On January 3, USDA welcomed in the new year by presenting Dow AgroSciences with a bountiful gift: a virtual green light for the pesticide company’s new genetically engineered (GE) corn and soybean seeds. These crops are designed specifically to be used with Dow’s infamous herbicide, 2,4-D.
Dow has been waiting two years for the go-ahead from USDA to start marketing its 2,4-D-resistant corn and soy. And it now appears the corporation will get what it wants, despite strong opposition from farmers, healthcare professionals and concerned communities across the country.
Agricultural scientists warn that introduction of 2,4-D-resistant crops is a very bad idea, and could lead to as much as a 25-fold surge in 2,4-D use across the country over the next six years. This would result in severe damage to vulnerable crops, loss of farm businesses and harm to rural communities’ health.
Still, prospects for agency support have always looked promising to companies like Dow and Monsanto, and USDA approved a whopping nine new GE seeds in 2013 alone. But to date, nearly half a million Americans — including outraged farmers, sustainable agriculture, local food and environmental advocates, concerned doctors and public health professionals — have voiced their strong concern about the possible approval of 2,4-D seeds.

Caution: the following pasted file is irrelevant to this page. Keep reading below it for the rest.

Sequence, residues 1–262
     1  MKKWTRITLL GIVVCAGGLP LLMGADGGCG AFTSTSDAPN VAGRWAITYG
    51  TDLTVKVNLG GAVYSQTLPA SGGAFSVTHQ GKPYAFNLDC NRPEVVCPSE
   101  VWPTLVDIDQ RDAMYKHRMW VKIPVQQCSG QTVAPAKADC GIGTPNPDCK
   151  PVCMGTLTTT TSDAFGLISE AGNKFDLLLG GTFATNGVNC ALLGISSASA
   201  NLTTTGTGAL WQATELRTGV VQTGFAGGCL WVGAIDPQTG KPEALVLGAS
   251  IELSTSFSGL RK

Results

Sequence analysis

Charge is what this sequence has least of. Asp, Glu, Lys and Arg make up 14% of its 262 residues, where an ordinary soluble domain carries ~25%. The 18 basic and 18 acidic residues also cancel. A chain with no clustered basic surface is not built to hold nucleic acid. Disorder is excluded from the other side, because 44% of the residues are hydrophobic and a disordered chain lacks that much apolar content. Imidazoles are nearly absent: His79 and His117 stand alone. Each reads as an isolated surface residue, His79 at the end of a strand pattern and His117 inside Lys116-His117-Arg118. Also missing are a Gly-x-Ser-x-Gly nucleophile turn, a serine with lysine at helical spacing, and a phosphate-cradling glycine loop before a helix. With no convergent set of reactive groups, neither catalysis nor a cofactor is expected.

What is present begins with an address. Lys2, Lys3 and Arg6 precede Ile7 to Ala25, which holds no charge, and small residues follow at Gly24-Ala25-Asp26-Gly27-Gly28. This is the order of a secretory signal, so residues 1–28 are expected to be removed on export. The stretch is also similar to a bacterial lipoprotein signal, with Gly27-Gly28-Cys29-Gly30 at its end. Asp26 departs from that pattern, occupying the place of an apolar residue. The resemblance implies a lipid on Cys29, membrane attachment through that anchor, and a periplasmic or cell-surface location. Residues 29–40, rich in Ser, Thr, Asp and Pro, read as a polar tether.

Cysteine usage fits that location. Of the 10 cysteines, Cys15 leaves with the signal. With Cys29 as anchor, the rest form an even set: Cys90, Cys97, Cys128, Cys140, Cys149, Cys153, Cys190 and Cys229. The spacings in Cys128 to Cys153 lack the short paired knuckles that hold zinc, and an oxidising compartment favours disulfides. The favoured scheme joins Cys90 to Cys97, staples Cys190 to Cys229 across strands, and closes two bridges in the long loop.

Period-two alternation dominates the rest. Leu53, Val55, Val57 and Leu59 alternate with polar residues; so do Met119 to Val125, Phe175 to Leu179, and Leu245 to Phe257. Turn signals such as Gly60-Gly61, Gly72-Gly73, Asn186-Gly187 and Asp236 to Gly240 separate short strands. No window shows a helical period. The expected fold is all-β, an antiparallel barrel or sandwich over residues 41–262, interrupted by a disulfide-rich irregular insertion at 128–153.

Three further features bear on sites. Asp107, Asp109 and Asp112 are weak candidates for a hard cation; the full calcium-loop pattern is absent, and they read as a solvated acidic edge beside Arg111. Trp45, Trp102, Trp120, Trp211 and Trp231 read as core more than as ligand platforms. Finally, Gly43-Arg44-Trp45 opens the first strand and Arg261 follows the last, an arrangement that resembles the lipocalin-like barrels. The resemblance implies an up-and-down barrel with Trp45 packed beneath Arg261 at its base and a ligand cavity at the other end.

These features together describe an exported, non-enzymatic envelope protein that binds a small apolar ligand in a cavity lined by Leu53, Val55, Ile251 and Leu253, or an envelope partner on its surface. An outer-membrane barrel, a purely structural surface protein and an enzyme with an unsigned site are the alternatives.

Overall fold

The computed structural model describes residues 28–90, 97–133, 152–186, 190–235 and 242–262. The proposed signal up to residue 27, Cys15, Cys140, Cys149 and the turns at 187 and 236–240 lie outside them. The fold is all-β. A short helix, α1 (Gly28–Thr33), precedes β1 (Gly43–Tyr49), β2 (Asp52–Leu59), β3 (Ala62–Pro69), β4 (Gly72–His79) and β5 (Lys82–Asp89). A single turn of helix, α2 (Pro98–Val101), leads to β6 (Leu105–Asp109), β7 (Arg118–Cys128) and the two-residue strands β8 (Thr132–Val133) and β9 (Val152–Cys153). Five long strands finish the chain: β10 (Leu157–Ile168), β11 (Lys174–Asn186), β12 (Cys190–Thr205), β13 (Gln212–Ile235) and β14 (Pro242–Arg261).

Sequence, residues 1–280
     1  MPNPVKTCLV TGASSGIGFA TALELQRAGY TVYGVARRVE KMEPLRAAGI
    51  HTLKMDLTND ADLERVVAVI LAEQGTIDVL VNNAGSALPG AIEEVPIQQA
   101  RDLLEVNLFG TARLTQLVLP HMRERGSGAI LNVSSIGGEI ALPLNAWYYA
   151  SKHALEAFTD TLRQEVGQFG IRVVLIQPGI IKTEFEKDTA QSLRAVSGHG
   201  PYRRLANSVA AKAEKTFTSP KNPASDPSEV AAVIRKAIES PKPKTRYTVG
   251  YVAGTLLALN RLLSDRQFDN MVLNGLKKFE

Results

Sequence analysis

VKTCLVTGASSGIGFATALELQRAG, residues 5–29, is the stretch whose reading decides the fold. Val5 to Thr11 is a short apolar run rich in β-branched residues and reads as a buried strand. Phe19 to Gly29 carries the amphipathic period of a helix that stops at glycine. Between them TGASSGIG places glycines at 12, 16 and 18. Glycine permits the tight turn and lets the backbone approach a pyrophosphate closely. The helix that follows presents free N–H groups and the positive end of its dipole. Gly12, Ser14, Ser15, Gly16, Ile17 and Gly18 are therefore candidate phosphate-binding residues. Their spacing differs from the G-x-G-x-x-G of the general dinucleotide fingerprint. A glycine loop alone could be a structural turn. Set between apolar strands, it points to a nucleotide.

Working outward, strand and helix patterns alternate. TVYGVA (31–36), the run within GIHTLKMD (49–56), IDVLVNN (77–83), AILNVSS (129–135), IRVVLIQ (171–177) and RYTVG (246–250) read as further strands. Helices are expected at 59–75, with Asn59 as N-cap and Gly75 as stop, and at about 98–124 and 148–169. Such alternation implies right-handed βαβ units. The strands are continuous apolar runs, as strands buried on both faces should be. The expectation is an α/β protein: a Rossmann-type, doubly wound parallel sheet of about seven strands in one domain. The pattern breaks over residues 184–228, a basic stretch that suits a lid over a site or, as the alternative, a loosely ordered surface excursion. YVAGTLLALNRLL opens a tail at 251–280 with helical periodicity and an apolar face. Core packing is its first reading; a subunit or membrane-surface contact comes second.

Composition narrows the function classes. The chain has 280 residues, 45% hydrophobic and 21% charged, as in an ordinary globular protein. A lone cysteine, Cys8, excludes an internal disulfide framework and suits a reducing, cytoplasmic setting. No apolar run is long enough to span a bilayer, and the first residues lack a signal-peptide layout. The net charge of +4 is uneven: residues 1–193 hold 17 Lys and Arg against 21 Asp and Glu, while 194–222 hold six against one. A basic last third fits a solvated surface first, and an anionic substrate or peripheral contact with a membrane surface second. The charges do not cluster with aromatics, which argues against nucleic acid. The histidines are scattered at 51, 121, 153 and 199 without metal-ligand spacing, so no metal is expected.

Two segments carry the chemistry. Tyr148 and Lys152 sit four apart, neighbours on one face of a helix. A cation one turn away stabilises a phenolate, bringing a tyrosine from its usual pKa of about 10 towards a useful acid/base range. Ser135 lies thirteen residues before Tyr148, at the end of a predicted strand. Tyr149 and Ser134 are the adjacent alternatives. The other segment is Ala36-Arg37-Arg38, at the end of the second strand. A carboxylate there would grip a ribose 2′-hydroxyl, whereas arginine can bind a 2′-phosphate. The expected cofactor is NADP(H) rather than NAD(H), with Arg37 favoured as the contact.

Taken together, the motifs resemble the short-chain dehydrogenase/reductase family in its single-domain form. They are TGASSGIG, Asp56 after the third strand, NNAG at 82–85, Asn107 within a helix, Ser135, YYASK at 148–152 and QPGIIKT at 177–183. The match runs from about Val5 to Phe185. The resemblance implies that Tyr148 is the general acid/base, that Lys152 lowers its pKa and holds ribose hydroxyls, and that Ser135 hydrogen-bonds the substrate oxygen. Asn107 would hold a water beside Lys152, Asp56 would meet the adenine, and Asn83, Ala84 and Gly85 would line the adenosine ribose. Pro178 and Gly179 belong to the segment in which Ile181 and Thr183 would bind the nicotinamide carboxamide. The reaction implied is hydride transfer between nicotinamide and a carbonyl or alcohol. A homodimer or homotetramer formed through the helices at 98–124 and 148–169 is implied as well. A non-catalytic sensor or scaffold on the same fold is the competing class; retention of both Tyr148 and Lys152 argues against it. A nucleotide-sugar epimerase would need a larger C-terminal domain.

Surprised perhaps by the vehement public opposition, USDA acknowledged last year that these 2,4-D crops could in fact cause “significant environmental harm,” and agreed to prepare a full Environmental Impact Statement (EIS). But in the draft EIS released last week, USDA simply shrugged away all of the public’s concerns and announced its intention to approve both of Dow’s 2,4-D resistant crops.
Farmers oppose 2,4-D seeds
A growing number of family farmers oppose Dow’s 2,4-D seeds. Fruit and vegetable growers in particular have been warning USDA that their crops are extremely vulnerable to damage from pesticide drift, specifically naming 2,4-D and its close cousin dicamba. (Monsanto has developed dicamba-resistant cotton and soybean varieties, also pending USDA approval. Like 2,4-D, dicamba easily drifts off-target and is highly toxic to many plants.)
Farmers have already lost thousands of acres of crops, and much more than that in dollars, due to 2,4-D and dicamba drift. In one incident in California, a single 2,4-D application resulted in the herbicide drifting over a hundred miles, destroying a pomegranate orchard and 15,000 acres of cotton.
Not only are organic farmers worried about direct crop damage from 2,4-D and dicamba drift, but they could also face loss of organic certification. And rural families are worried about their children’s health, as numerous health studies have established links between 2,4-D exposure and birth defects, hormone disruption and cancers like non-Hodgkin’s lymphoma.
While Dow claims it has developed a new formulation of 2,4-D that will not drift as easily as the cheaper older version, neither Dow nor USDA can ensure that farmers will actually buy and use the more expensive newer formulation. The drift problem remains a very real one.
USDA passes the buck